Sunday, 14 August 2011


The sunshine on Sunday 14th was ideal for dragonflies with this migrant hawker seen taking a rest on a bush after hawking along a path. Several migrant hawkers were on the wing at various spots around the park, as were a few ruddy darters and southern hawker too, while about 4 emperor dragonflies were patrolling the park pond.

Surprisingly there weren't any dragonflies to be seen along the park dyke although 25+ small red-eyed damselflies were seen, along with common blue damselflies and blue-tailed damselflies.
Whilst watching the damselflies, a water vole was seen swimming along the opposite bank and then staring out from one of the many burrow-holes. Two reed buntings and several reed warblers were in the reeds by the dyke.

A hobby was seen circling over the car park and then climbing high over the park. There has been a spate of hobby sightings over the park this weekend with a pair seen near the pond on Saturday morning and then two again in the afternoon. A single bird was also seen on Saturday flying over the park, probably checking out the local sand martins. Martin Cock had a hobby over West Mersea on Sunday.

A sparrowhawk was seen on Sunday flying over the Point and sending the flock of 30+ linnets into the air. The day before a sparrowhawk was also seen perched above the park pond much to the consternation of a group of 7 teal that had been snoozing beneath it.

The highlight of the Saturday morning walk past the park pools was hearing the recognisable "chip-ip-ip" calls of a wood sandpiper. The manner it started calling loudly as it flew over the pools suggested it had just taken off from them. It was a struggle to see the bird from the path through the trees as it flew around but eventually it was seen flying across the park to the beach.

The other unusual sight on Saturday was a family of four avocet chicks with their mother that dropped onto the pools to wash and preen. Although breeding avocets can be aggressive to other birds, it was a surprise to see a little egret lunge at the mother avocet with its long beak, forcing it to take evasive action and back off.
The avocets soon flew off and landed on the saltmarsh pools by the Golfhouse where they were still present on Sunday.

Also on the pools on Saturday were the first snipe of the autumn, 10 lapwing, 20 teal and 2 black-tailed godwits. During the day six yellow wagtails flew over the park with at least two being seen around the feet of the cattle. In bushes by the pond a reed warbler and blackcap were joined by lesser whitethroats and common whitethroats. Four swifts flew over in the morning and in West Mersea early on Saturday evening ten swifts headed west over Coast Road.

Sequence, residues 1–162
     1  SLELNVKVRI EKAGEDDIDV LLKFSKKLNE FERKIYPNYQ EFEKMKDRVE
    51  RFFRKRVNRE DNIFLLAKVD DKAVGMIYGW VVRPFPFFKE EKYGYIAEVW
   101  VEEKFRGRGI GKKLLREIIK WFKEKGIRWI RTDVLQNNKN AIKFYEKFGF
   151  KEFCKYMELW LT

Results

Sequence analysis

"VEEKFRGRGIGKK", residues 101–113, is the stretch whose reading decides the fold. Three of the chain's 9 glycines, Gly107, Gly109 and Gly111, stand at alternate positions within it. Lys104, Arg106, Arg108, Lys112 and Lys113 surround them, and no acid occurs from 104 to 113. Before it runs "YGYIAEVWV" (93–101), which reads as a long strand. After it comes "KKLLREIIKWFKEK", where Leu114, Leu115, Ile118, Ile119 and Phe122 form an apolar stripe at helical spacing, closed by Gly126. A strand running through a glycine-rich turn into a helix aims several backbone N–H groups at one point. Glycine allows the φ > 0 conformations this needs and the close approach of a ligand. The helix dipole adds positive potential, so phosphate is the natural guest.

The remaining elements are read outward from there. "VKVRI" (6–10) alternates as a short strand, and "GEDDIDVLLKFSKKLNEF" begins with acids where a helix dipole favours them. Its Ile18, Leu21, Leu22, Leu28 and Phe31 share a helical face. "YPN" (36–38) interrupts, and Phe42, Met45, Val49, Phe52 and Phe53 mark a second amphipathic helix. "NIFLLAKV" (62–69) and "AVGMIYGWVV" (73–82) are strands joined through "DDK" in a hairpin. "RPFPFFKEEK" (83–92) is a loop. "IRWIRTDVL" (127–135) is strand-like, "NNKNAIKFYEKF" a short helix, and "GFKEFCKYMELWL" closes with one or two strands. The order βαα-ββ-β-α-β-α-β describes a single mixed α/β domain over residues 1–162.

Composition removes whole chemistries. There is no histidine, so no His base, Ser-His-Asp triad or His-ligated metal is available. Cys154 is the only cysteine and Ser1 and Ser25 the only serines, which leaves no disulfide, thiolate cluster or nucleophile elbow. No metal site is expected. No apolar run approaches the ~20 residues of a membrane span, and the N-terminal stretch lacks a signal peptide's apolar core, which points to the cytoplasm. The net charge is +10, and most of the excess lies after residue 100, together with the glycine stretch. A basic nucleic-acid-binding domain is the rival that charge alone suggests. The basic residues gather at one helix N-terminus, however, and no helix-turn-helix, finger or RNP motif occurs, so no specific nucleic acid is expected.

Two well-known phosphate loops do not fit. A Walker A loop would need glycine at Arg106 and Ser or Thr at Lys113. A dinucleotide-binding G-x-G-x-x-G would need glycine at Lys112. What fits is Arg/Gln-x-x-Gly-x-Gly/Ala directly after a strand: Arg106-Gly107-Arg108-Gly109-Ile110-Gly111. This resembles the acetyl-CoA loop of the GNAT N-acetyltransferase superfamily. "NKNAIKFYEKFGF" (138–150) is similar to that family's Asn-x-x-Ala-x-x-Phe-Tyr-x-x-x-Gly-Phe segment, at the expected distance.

On the mudflats on Saturday the main waders to catch the eye were a greenshank and also the big flock of 300+ black-tailed godwits. Many of the godwits and other waders were flushed off the Pyefleet mud by a microlight aircraft. Other waders flying past were 100 curlew, 250 redshank, 50 turnstone while also noted on the mud were dunlin, bar-tailed godwit, ringed plover, golden plover and oystercatcher. At high tide on both days were the resident summering 5 eider. Late on Sunday evening just after nightfall, a common sandpiper called out as it flew south over the park in the dark.

In the warm weather on Saturday the tanned adder was seen again on the track near the park entrance but couldn't be located on Sunday. Four badgers and two foxes were reported on Sunday evening near the park pond.

Butterflies noted on Saturday included 5 small tortoiseshell, 1 peacock, 5 red admiral, 2 comma, 10 small white, 4 common blue, 20 meadow brown, 30 hedge brown, 8 small heath and 5 speckled wood.

A ruby tiger always brightens up the moth trap with it's red colouration and this one was being savoured as it's probably the last sighting of the season.
The moth trap was run on both Friday and Saturday nights but numbers were low with only about 70 moths of 25 species being seen. The most notable moth was a tree lichen beauty, the second record for the summer.

The common flame shoulder can look quite smart when they're fresh and brightly marked like this one.

Other moths included willow beauty, light emerald, magpie, brimstone, lime-speck pug, turnip, lesser broad-bordered yellow underwing, common wainscot, white-point, flounced rustic, uncertain, straw underwing and setaceous hebrew character.

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